I have a meeting tomorrow (9 Feb 2011) with the local VA OEF/OIF rep about how to present the disparity from what the posters say (Having a hard time, get help and ones like “It takes the courage of a warrior to say something is wrong.”) to what actually happens in the military (discrimination, discharge, being non-considered for promotion, revocation of normal duties). After this meeting, I plan on presenting this to the State Adjudant General (Major General – a two star). While I am out and have dealt with the gauntlet of depression mismanagement, there is another state unit in Iraq currently. I would hope that by me standing up and crying foul, that someone else will get the treatment they deserve.

    The practice of “checking the box” HAS to end.

    • SGT Laura Brooks, USMC 1999-2003 says:

      My husband and I both have a service-connected disability rating for PTSD…we refused to acknowledge any sign of weakness or instability while we were still in, but once we got out and tried to be “normal”, all total hell broke loose. THIS is the problem…PTSD hides. It lies in wait for months, or years and then-SURPRISE! It bites you right in the butt.No amount of post-deployment briefing can effectively catch PTSD in my opinion, because that is precisely the inherent nature of this beast. Time, and waiting. Veterans should be “checked on”, EVEN IF THEY NEVER APPLIED TO THEIR LOCAL VA, just in case. Every six months, or an annual thing–call, check, ask, reevaluate. SOMETHING. Some veterans don’t go NEAR a VA facility for fear of big government, of being held for observation, of being forced back in–anything you can imagine goes through our paranoid minds while PTSD is coming to the surface, and we remain untreated this way as well.
      I am only better today because of my meds, my psychotherapy and God Himself.

      • Gerald says:

        Hi, I am a Vietnam veteran, and I work with and for veterans from wwII to present day returning vets. I think the problem with a lot of vet who suffer with ptsd especially those from Korea, and Vietnam, they didn’t know what their problem was, they didn’t know why that couldn’t get close to people in personal relationships. Today ptsd is more in the forefront and it’s being discussed by the media and the VA and I thank them for it.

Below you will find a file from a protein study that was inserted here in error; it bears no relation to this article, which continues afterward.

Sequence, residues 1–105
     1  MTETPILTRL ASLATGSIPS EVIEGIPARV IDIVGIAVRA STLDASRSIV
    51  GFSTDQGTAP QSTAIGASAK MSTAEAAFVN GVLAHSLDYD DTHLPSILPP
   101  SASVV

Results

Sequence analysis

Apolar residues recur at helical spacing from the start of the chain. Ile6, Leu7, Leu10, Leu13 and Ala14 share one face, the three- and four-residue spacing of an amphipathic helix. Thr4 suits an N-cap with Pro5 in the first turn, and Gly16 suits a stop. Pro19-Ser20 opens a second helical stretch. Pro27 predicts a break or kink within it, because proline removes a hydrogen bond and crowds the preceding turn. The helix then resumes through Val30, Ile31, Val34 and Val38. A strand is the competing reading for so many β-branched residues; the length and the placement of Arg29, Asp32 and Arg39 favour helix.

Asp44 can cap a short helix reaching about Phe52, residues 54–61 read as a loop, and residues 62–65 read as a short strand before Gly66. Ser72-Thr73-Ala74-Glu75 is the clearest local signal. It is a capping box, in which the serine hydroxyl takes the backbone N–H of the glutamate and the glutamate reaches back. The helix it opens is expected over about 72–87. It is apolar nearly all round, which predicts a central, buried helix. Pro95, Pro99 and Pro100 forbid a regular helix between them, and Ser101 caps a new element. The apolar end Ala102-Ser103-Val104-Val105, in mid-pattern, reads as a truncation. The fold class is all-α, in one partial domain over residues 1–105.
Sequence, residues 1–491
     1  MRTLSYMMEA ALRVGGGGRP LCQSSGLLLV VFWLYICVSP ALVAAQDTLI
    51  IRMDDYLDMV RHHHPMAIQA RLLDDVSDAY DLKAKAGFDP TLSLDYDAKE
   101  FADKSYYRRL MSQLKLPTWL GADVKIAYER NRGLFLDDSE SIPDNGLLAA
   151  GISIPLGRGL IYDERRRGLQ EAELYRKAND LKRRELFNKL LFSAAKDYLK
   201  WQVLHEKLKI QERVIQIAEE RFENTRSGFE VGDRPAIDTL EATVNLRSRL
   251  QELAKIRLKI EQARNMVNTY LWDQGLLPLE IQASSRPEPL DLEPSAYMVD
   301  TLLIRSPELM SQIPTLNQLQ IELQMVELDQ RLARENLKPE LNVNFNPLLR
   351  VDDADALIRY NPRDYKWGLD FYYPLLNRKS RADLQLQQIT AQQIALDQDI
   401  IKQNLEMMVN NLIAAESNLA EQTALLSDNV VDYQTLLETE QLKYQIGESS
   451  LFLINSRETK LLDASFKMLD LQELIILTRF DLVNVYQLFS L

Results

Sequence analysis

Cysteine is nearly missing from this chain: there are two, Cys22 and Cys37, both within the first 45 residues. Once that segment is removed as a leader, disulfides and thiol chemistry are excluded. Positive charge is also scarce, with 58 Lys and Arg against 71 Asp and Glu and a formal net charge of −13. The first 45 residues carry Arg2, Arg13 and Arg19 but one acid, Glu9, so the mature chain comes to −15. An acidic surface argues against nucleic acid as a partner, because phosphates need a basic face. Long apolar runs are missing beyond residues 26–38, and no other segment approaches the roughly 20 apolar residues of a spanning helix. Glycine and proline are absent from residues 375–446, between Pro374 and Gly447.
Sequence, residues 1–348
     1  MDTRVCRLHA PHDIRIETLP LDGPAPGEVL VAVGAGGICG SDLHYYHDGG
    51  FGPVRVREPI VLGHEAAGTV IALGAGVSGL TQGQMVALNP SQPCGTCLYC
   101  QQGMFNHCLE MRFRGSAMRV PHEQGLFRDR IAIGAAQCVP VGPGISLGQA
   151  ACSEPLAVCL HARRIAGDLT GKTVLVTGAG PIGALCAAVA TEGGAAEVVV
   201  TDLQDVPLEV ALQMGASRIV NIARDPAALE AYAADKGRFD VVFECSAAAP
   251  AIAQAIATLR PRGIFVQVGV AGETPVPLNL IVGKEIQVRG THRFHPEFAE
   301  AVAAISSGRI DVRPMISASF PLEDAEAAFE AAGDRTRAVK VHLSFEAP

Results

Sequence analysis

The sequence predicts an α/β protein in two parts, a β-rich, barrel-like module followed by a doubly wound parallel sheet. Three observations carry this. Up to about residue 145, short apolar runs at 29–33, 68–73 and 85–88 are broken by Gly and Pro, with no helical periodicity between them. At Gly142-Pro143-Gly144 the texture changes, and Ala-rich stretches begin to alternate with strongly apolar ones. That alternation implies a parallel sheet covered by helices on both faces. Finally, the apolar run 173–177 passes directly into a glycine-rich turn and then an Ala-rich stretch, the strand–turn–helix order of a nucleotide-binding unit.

5. brenhay@aol.com says:

    Dan,

    What a powerful personal statement of reality.

    I commend you for what you did for yourself and your family.

    I see your mission is not over; I wish you the very best and will keep you in my prayers.

    Truth needs to be told from the soldier’s perspective.

    I agree….”checking the box” HAS to end!

    Blessing to you and your family.

    BH
    Vetwife Advocate

  6. NavyOrdnanceman says:

    I couldn’t agree more. Even though my service in the Navy didn’t put me in any line of fire, the ex-wife who cheated on my while I was deployed led to many problems. If I would have been open about what was going on, I would have been labeled. Having a label would have lost my security clearance. Not being able to load the ordnance on those planes to be dropped on enemy targets would have broke my heart.
    Eventually when the ex-wife had to be sent back home, because the divorce was pending I couldn’t handle it. There were people to talk to, but they were just getting information out of me. It turned out after saying they were there to help, it was the opposite. I was discharged two weeks later because of the labels.

  7. First, thanks for your service. Next, I believe our society must change the perspective regarding suicide or we our going to have an increase of violent attacks and suicide. With that said, it will not be the soldier or veteran’s fault. Rather, the community will be the responsible persons.